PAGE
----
By Sam Taylor from The Nurture Project
Measuring yourself against others can in some ways be helpful. You might feel inspired about someone else's achievements which then motivates you to improve your own life. The recognition that your abilities are a notch above someone else's can deliver a boost to your self esteem. But comparisons can be harmful when they leave you feeling inferior, stressed, anxious, or depressed.
This need to judge ourselves based on what others are doing, what they look like and what they own has resulted in a lot of unnecessary anxiety, judgement and inwardly-directed negativity.
This was the case well before social media but since the advent of social, it has become much more pronounced. Sites such as Facebook and Instagram offer a distorted view of people’s lives. Part of social media’s uniqueness, researchers say, is that it paints a very skewed picture of one's social universe. People are far more likely to share flattering photos and news about themselves and so we end up comparing our “back end” to someone else’s “show reel”.
Lisa and Misha
The result can make users feel anxious, deficient and insecure.
Looking at her Instagram account, one would think Misha leads a charmed life. She regularly posts beautiful photographs of herself looking impossibly gorgeous with her stunning children and her good looking husband, at an art gallery, on the beach, out for dinner, larking about the house…
But the reality is that Misha struggles deeply with anxiety and feelings of insecurity and self-worth. She regularly experiences panic attacks and sometimes feels so apprehensive about the world around her that she stays in bed for a week at a time, unable to venture outside.
She feels particularly down about her life after looking through her social media feeds. She looks at what some of her childhood friends are up to “there she goes again in the lounge at the airport with a glass of champagne” and this other friend, she bought an apartment in Barcelona last year and seems to be in Europe again. Another friend is a successful actress… These comparisons with her friends’ achievements make the frustrations in Misha’s life stand out.
There have now been a few studies showing a correlation between higher social media use and poorer mental health, including anxiety, depression, feelings of loneliness and lower self-esteem.
The first study 140 undergraduates to either continue their regular use of Facebook, Snapchat, and Instagram, or to limit each one to 10 minutes per day (30 minutes total). Before and after taking part in the study, the participants also filled out questionnaires so the researchers could understand how they were doing psychologically—they were particularly interested in anxiety, depression, loneliness, and FOMO (fear of missing out).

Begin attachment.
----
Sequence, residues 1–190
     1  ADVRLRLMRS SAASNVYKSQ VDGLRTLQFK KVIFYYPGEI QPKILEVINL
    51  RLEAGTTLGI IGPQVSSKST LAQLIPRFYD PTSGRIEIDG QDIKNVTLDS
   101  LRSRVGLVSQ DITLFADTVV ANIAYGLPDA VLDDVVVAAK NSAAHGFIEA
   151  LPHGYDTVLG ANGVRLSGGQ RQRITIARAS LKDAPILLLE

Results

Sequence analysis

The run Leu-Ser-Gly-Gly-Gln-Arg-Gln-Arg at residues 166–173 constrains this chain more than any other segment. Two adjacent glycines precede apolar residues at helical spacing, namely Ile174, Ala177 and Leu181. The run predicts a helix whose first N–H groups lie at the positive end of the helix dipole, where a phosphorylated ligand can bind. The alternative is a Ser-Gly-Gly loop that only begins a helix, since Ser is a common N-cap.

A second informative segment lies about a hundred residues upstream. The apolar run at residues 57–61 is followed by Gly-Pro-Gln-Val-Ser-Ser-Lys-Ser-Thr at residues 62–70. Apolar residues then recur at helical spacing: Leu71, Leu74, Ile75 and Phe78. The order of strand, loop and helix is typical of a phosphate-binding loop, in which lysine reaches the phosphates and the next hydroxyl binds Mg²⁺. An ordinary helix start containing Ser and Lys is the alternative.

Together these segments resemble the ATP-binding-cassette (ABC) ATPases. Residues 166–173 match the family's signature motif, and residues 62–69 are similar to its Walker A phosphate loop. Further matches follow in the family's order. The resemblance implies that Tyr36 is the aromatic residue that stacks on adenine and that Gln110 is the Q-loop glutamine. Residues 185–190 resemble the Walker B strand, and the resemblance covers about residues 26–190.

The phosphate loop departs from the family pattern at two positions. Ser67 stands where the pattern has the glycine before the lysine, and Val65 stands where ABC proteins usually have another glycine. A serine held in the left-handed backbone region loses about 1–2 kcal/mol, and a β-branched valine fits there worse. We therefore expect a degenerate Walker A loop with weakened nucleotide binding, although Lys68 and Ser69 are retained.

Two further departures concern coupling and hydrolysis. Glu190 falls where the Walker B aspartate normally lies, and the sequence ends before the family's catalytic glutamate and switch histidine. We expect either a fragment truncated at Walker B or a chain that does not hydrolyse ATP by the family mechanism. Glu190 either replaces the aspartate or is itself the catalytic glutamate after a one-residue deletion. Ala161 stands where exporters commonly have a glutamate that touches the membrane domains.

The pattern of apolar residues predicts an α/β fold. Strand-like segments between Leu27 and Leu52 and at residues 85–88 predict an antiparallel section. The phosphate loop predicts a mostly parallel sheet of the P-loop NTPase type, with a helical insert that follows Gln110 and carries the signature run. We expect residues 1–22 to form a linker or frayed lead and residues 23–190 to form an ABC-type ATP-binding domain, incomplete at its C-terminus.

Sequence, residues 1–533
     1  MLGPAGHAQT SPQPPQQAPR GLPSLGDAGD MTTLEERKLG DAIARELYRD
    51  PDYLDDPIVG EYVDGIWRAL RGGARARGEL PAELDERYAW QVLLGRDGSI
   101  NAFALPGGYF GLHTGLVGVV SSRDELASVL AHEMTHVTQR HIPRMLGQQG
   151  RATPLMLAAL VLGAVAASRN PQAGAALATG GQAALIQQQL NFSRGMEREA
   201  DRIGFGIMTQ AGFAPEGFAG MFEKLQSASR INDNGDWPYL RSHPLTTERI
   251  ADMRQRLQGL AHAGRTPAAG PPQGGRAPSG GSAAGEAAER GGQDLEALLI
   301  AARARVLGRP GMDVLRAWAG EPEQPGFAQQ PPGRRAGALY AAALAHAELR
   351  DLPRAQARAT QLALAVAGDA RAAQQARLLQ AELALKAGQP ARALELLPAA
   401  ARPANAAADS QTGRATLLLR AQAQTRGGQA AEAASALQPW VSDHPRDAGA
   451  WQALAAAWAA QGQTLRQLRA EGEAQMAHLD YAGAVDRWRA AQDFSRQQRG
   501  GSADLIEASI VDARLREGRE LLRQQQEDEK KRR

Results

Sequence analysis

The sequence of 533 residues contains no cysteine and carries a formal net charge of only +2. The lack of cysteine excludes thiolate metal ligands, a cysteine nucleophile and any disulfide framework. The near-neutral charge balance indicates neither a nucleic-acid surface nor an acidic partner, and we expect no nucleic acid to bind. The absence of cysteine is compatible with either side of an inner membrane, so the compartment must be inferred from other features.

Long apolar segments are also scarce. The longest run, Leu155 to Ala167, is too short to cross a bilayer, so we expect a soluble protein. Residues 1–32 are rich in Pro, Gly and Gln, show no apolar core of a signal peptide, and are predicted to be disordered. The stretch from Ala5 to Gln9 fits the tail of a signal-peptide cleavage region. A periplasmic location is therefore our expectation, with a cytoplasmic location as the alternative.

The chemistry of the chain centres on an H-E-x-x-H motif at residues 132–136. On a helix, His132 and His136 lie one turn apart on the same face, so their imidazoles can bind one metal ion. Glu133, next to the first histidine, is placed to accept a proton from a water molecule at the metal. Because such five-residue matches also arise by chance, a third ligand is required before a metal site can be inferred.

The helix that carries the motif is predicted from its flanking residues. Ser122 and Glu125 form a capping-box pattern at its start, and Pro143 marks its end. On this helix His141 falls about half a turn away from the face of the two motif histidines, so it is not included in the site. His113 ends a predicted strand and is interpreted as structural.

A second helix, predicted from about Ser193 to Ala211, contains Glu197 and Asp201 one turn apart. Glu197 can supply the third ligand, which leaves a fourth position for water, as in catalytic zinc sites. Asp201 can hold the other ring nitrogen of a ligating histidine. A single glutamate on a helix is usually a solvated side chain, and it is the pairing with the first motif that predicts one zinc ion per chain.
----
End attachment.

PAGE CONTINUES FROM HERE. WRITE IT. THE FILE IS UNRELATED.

As the researchers expected, people who limited their social media use to 30 minutes felt significantly better after the three-week period, reporting reduced depression and loneliness. Interestingly, both groups reported less FOMO and less anxiety at the end of the study, which the researchers suspect may be a result of increased self-monitoring.
The study author says “It is a little ironic that reducing your use of social media actually makes you feel less lonely… Some of the existing literature on social media suggests there's an enormous amount of social comparison that happens. When you look at other people's lives, particularly on Instagram, it's easy to conclude that everyone else's life is cooler or better than yours.”
Another study published in 2014 investigated how comparing ourselves to others through social media impacts our mental health. The interesting thing here is that it doesn’t seem to matter whether you compare yourself favourably or negatively with others on social media, just the act of comparing ourselves to others on Facebook makes us feel bad about ourselves and increases depressive symptoms like anxiety.
So what can be done about it?
The reality is that social media just isn’t that great for our mental health. However, the greatest protection against falling into the comparison trap - and the best way to pull yourself out of it - is to develop and maintain a stable sense of self. That means cultivating your identity and self-esteem, nourishing relationships with people who see the real you, and staying true to your beliefs.
A stable sense of self comes from thinking about who you are absent from any feedback. What are your values and preferences in the absence of anybody knowing about them? Can you be proud of the person you are who isn't publicly posted?
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